Harper, S. R. (2013). Am I my Brother’s teacher? black undergraduates, racial socialization, and peer pedagogies in predominantly white postsecondary contexts. Review of Research in Education, 37(1), 183-211.
Much has been written over the past five decades about the experiences of Black students on predominantly White college and university campuses. Willie and Cunnigen (1981) synthesized 130 studies published between 1965 and 1980, many focused on students’ confrontations with exclusion, racism, racial stereotypes, and toxic campus racial climates. Sedlacek (1987) found similar themes in his review of 20 years of literature on Black undergraduates at postsecondary institutions at which they were minoritized.1 Shown in Figure 1 are increases in undergraduate enrollments over a 30-year period; as Black enrollments increased, so too did the number of undergraduates overall. Despite modest gains in access and attainment, contemporary cohorts of Black collegians still encounter campus environments with racial dynamics akin to those described in studies from decades prior. Contemporary scholars continue to document many of the same themes reported in Willie and Cunnigen’s (1981) review more than 30 years ago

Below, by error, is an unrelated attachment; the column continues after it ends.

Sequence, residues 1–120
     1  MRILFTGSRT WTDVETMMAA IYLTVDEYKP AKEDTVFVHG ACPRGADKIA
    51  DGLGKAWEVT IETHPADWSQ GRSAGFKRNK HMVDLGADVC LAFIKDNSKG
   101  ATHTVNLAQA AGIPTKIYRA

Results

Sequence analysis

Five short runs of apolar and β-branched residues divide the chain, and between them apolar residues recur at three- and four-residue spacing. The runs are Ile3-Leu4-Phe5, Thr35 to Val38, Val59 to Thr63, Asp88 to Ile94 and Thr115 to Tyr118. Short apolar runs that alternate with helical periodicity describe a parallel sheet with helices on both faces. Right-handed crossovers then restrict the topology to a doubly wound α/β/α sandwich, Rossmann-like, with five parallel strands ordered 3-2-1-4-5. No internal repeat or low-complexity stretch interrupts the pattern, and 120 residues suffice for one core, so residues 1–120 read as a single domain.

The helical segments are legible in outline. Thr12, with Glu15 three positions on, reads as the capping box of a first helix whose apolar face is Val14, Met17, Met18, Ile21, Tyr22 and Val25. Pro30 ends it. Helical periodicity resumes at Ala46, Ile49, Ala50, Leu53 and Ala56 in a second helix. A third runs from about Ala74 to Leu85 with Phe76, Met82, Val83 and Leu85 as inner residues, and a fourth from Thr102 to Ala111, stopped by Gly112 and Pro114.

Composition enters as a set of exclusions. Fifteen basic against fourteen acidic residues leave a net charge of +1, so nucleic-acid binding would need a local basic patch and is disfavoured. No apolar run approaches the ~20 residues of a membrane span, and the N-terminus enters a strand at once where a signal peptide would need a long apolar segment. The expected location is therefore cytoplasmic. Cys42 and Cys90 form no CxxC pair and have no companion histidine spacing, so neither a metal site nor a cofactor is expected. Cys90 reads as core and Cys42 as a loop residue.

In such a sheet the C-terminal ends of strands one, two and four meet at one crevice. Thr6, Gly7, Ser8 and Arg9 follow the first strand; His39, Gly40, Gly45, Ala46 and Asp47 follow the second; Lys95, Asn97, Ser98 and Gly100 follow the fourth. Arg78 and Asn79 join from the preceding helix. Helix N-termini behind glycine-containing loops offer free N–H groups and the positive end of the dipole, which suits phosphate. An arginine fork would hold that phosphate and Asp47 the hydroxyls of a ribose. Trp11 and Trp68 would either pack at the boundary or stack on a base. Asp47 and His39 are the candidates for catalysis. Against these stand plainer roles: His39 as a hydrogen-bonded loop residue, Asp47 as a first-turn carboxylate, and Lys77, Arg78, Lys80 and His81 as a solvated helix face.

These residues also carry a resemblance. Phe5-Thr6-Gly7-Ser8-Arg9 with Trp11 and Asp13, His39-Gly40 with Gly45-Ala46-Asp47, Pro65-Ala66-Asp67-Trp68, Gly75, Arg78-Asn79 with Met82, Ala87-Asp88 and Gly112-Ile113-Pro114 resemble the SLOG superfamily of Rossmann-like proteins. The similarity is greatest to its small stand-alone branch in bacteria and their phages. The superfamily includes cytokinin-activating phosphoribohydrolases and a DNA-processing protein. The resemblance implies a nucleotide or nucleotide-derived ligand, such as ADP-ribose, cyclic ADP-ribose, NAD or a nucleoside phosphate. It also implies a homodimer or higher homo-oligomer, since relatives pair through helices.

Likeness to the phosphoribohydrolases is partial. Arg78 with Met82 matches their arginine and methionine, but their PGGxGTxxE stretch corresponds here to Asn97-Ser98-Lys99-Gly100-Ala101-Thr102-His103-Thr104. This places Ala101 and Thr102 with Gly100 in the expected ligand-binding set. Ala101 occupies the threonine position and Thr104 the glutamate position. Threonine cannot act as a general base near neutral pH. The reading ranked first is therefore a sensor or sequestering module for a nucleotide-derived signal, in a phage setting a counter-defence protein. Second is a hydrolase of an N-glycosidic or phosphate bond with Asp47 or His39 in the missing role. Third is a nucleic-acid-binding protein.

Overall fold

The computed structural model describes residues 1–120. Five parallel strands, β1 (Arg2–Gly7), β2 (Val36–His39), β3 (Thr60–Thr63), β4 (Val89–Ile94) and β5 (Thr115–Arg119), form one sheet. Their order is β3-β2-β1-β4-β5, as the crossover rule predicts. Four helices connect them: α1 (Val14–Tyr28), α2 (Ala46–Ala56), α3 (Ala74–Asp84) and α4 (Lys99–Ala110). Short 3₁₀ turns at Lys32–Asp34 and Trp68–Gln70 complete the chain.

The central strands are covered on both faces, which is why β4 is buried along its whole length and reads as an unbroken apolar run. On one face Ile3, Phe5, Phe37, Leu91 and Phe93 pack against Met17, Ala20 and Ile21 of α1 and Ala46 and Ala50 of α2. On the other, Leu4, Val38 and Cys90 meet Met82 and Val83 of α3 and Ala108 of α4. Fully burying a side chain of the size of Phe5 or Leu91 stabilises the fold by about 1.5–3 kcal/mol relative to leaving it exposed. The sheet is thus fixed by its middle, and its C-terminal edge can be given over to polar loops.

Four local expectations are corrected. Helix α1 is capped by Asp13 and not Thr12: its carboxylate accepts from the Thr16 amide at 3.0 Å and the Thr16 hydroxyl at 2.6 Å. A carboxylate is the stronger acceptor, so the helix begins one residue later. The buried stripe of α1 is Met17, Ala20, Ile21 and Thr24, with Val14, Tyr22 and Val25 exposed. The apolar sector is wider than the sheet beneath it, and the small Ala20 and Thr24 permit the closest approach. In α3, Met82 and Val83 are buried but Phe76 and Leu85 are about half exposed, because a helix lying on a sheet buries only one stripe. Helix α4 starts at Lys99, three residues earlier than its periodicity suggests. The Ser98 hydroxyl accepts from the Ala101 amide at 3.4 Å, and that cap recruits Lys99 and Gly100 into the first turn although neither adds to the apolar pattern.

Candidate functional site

The aims of this chapter are twofold: (a) to review an extensive body of research that focuses almost exclusively on racial problems Black students face at predominantly White institutions (PWIs) and (b) to provide insights into how Black students manage to productively navigate racist college and university environments. Hardly anything has been published about the latter. In the next section, I present a conceptual framework that was used to organize the literature and generate new research questions concerning student success in racially alienating and hostile spaces. Next, Black students’ experiences on predominantly White campuses are placed in a historical context, followed by a review of several recently published studies on how Black students respond to and are affected by campus environments in which they routinely encounter racial stress and stereotypes. I then use data from a national study to showcase pedagogies Black undergraduates employ in teaching their same-race peers and other minoritized students about navigating the racial climate at PWIs, as well as the sites in which such instruction occurs.
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